Luke 20:9-19 Rebellion’s Deadly Consequence


It is garden season.  Many gardeners are more adept and diligent than I am. As regarding my own garden, it is often a fruitless effort. But for a good gardener, planting a garden comes with a quite reasonable expectation of sharing in its produce.  How much more for any of our farmers around here who plant their fields in hope. Of course we all know that it is in no way unusual to lease land from another and to plant it, with a further understanding that a portion of the produce will go to the landowner as well.

What would happen to you if you agreed to terms on such a field, planted it, ultimately harvested it, but in the day that payment was due, you kept the proceeds for yourself? It is not too hard to imagine the results ranging from confrontation to legal action to forcible recompense.

In the days of Christ’s earthly ministry, the upper Jordan Valley, the shores of Galilee and more consisted of estates owned by foreigners who lived far away but who rented out their land for production.  Those who were left to run the business had free reign to do as they will as long as the payments came in – no matter the quality of the crop payment was expected.[1] Woe to those vinedressers who decided to deal dishonestly with the distant landowner.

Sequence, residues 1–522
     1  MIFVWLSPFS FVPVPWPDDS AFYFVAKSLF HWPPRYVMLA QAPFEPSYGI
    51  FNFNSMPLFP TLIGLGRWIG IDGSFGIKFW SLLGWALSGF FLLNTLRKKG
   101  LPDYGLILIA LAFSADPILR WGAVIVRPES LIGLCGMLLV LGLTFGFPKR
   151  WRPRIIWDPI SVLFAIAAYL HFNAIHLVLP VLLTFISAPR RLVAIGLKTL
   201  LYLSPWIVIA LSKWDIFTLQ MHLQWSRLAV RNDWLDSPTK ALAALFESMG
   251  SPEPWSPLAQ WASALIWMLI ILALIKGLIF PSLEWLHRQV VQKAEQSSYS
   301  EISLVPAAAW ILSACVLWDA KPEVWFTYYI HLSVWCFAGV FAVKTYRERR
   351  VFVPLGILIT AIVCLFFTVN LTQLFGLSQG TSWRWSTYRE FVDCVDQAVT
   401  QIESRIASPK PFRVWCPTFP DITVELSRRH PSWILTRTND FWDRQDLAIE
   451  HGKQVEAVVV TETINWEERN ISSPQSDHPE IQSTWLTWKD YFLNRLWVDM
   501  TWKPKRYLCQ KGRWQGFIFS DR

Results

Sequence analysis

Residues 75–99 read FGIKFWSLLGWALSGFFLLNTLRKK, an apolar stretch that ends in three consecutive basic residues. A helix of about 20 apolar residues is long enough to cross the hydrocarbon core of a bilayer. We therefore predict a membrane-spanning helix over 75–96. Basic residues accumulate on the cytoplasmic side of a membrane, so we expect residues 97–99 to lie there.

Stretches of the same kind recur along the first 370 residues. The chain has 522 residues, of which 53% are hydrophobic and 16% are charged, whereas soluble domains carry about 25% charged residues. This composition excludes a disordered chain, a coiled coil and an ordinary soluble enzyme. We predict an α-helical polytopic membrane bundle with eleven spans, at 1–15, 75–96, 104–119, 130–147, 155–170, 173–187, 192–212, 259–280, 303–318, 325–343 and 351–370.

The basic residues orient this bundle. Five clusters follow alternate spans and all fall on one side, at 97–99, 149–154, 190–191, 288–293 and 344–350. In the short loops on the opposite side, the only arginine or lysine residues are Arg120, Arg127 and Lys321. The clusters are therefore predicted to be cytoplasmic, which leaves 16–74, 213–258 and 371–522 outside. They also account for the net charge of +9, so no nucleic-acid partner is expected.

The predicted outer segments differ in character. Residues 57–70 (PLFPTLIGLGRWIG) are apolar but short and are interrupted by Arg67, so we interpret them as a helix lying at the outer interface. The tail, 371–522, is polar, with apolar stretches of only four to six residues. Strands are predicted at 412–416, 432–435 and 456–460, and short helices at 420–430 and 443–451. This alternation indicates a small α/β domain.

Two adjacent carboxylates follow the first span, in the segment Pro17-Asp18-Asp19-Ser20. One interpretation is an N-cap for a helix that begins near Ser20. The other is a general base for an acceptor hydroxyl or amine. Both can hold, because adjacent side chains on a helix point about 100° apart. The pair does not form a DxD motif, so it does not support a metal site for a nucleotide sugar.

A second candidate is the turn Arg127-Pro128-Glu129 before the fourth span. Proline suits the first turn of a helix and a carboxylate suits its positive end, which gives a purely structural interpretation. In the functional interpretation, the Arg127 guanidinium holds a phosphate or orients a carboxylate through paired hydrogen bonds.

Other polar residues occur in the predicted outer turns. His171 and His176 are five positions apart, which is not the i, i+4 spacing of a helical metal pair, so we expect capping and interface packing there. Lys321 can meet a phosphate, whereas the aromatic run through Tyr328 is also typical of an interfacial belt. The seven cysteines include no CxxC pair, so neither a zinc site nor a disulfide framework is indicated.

This is the context of Today’s parable taken from Luke’s gospel.  Please stand as you are able and read with me from Luke 20:9-19.

The Parable

The main thrust of the parable is this: Sin and rebellion has deadly consequences.

In response to the questioning of his authority and the consequent rejection of Jesus’ offer of grace to the Jewish leaders, he turns to the people – not the leaders and tells them a parable filled with now familiar imagery. This is not a story to entertain, it is a lesson in consequences. The parable serves as a warning for the people to consider. Do they want to reap the consequences of rejecting Jesus?

In the story, the man plants a vineyard, rents it out and goes away to a distant land with every expectation of a return on his investment.

He sends his first slave (doulos) expecting his share in the crop.  But he was beaten and sent away empty.

The second slave is beaten and treated shamefully. He is likewise sent away empty handed.

The third slave is sent, and this one they wound and cast out.